Another chapter to Thomas Carlyle’s book On Heroes, Hero-Worship, and The Heroic in History (1841) could be added today called The Hero as Celebrity.
In fairly recent years, celebrities have risen to positions of power that their predecessors could only have played as characters of fictional productions. Donald Trump is the too obvious example of this. Once a reality television star, he is now president of the United States, for good or ill, you be the judge. He isn’t the only former star to rise in the political arena. Bodybuilder turned actor, Arnold Schwarzenegger became governor of California. Actor Clint Eastwood was mayor of Carmel, California. Wrestler Jesse Ventura was governor of Minnesota. Child Actress Shirley Temple (Black) was U.S. ambassador of Ghana (1974) and Czechoslovakia (1989). And, of course, The Gipper served as the U.S.’s fortieth president.
While stars may rise, they can just as quickly fall. Think Bill Cosby, who has been accused and convicted of multiple charges of past sexual misconduct. Think also, Kevin Hart, whose “homophobic” tweets, more than ten years old, were recently retailed online to prove him an unfit host for an Academy awards ceremony. Rather than issue a formal apology for his past “misconduct,” Hart simply withdrew himself from serving as the host. He also wisely deleted any old posts that might be used as “future” evidence of misconduct.
However you might feel on this subject, let’s all agree that none of us has lived a spotless life. We have all made mistakes. Worse, mistakes we didn’t even consider mistakes at the time we made them. Cosby’s past behavior is indefensible, without question, but Hart’s remarks, however inappropriate, may have been more a reflection of the time than of his character. Even if they represented his personal feelings, the question is, would that have interfered with him doing his job as host of an awards show? If he had caved and issued the apology he felt he owed no one, would that have been enough to redeem him in the eyes of the public?
Let’s turn the spotlight briefly to his accuser(s), who used social-media mistakes some ten years old to turn to the public against him. Why bring this up now? What did they hope to gain by it? Protecting the rights of every citizen of the United States is a laudable goal, but shielding those same citizens from the faulty opinions of their fellows is overreaching. Particularly, if the accusers have the perceived “right” to dig up any publicly recorded statement or act you’ve committed since birth that fails to meet the ever changing standard of what is publicly acceptable. There was a time, sadly, when a same-sex couple could be arrested, if their relationship was exposed. Now, it’s a crime to say something against that same same-sex couple, even if you made that silly comment off-the-cuff twenty years ago.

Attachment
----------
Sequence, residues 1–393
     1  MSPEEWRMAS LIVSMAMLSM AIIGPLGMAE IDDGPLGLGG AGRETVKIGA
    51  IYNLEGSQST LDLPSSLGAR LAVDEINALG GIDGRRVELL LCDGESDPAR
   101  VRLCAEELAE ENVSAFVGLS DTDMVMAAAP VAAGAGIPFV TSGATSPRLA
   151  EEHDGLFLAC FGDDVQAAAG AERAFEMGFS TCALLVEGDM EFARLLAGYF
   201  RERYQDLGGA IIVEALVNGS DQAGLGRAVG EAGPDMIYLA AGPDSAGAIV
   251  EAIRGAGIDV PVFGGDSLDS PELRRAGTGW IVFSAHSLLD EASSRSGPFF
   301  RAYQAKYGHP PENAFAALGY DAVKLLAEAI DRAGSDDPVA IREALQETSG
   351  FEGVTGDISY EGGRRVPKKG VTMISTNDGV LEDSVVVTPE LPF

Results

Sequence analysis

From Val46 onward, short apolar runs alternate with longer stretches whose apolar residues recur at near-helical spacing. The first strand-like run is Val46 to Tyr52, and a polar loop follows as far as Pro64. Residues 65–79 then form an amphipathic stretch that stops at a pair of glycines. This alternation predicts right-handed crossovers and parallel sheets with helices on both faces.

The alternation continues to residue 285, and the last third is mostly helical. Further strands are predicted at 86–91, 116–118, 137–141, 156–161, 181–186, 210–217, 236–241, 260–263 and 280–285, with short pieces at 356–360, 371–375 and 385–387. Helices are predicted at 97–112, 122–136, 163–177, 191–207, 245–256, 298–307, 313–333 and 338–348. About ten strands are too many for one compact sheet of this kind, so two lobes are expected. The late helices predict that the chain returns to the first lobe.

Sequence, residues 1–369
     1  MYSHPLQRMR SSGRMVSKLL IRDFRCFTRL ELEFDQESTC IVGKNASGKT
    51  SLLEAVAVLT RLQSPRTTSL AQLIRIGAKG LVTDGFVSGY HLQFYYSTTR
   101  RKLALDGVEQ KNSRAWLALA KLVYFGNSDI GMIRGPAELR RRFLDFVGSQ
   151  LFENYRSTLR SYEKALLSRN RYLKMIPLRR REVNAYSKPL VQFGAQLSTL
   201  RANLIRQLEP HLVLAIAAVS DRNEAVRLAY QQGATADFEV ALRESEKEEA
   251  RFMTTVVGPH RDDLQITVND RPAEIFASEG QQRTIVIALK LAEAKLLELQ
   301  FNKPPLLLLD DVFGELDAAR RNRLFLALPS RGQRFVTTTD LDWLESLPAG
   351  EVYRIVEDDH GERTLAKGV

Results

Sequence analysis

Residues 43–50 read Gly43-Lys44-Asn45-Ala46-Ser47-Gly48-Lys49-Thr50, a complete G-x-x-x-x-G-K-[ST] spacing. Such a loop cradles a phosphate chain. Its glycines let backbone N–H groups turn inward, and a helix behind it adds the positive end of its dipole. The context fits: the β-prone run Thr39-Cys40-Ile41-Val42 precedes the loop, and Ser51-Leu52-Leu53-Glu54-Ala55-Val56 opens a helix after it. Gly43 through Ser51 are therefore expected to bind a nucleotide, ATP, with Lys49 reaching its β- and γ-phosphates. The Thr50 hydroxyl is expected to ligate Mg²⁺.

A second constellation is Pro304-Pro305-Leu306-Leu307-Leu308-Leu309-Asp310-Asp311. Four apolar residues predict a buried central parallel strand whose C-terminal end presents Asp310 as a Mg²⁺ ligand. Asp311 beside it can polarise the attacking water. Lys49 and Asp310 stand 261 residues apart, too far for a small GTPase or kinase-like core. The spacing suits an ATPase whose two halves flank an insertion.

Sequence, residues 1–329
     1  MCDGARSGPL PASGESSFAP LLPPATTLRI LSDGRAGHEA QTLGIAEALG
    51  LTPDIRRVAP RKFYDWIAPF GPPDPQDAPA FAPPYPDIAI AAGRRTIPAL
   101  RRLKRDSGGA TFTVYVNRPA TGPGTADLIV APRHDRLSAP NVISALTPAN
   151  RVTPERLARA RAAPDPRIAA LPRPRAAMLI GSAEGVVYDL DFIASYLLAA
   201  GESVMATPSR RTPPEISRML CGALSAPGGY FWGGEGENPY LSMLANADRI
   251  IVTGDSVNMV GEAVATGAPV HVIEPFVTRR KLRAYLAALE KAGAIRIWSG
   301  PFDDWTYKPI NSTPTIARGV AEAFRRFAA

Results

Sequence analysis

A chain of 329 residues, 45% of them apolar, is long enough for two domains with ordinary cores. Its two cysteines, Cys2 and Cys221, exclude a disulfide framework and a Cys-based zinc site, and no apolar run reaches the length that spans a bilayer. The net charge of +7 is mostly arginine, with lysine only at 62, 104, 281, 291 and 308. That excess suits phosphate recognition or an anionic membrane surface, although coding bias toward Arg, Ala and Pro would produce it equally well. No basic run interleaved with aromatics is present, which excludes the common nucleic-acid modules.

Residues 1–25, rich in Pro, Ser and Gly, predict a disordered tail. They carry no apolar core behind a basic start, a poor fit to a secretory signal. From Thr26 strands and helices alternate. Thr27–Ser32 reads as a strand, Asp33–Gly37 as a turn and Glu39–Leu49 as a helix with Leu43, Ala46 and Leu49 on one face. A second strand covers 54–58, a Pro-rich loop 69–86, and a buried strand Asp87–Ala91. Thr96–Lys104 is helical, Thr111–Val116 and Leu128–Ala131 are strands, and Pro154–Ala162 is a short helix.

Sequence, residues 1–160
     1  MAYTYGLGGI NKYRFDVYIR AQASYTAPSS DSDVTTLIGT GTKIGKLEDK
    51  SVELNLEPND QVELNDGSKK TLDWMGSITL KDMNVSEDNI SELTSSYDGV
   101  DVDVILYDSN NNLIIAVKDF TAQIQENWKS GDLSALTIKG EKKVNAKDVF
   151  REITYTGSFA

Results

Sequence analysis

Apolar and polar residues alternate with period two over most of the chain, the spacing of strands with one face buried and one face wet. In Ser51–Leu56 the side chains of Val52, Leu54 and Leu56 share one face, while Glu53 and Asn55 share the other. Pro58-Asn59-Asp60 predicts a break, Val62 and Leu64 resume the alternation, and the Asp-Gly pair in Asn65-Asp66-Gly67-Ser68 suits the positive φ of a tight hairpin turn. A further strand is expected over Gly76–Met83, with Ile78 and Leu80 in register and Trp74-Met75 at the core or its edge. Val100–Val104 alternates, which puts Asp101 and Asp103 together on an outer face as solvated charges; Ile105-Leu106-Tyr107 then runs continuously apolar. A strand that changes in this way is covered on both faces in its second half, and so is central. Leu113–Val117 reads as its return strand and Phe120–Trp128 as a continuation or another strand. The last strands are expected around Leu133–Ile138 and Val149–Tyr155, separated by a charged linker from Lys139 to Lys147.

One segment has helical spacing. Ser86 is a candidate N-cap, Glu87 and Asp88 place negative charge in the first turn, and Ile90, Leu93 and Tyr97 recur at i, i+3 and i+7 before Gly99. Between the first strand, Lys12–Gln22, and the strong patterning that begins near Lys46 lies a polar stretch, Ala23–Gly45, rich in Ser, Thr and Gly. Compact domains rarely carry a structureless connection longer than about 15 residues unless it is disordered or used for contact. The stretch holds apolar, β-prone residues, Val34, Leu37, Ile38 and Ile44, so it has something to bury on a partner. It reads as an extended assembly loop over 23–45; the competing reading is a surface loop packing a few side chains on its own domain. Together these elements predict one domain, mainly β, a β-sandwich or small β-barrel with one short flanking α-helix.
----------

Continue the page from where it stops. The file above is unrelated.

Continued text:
Where do we draw the line? What is going too far?
We can turn to Thomas Carlyle for that simple, not so simple, answer:
“…we are to remember what an umpire Nature is; what a greatness, composure of depth and tolerance there is in her. You take wheat to cast into the Earth’s bosom; your wheat may be mixed with chaff, chopped straw, barn-sweepings, dust and all imaginable rubbish; no matter: you cast it into the kind just Earth; she grows the wheat,—the whole rubbish she silently absorbs, shrouds it in, says nothing of the rubbish. The yellow wheat is growing there; the good Earth is silent about all the rest,—has silently turned all the rest to some benefit too, and makes no complaint about it! So everywhere in Nature! She is true and not a lie; and yet so great, and just, and motherly in her truth. She requires of a thing only that it be genuine of heart; she will protect it if so; will not, if not so. There is a soul of truth in all the things she ever gave harbor to. Alas, is not this the history of all highest Truth that comes or ever came into the world? The body of them all is imperfection, an element of light in darkness: to us they have to come embodied in mere Logic, in some merely scientific Theorem of the Universe; which cannot be complete; which cannot but be found, one day, incomplete, erroneous, and so die and disappear. The body of all Truth dies; and yet in all, I say, there is a soul which never dies; which in new and ever-nobler embodiment lives immortal as man himself! It is the way with Nature. The genuine essence of Truth never dies. That it be genuine, a voice from the great Deep of Nature, there is the point at Nature’s judgment-seat. What we call pure or impure, is not with her the final question. Not how much chaff is in you; but whether you have any wheat. Pure? I might say to many a man: Yes, you are pure; pure enough; but you are chaff,—insincere hypothesis, hearsay, formality; you never were in contact with the great heart of the Universe at all; you are properly neither pure nor impure; you are nothing, Nature has no business with you.”
We all make social faux pas, say dunderheaded things we don’t mean, and dunderheaded things we do. The question is, is there any WHEAT (GOOD) in us, despite that?
Are we going to allow ourselves to live in a society where Thought Policy comb through our social media posts, past and present, and punish us, as they see fit? Or are we going to use common sense to make our judgments on what is acceptable or unacceptable?
In the case of Kevin Hart, as long as it was made clear to him that any offensive comments would not be tolerated on the broadcast, and he adhered to that policy, I think it’s fair to say we could overlook his past mistakes, whether he regretted them or not. After all, no one’s perfect.by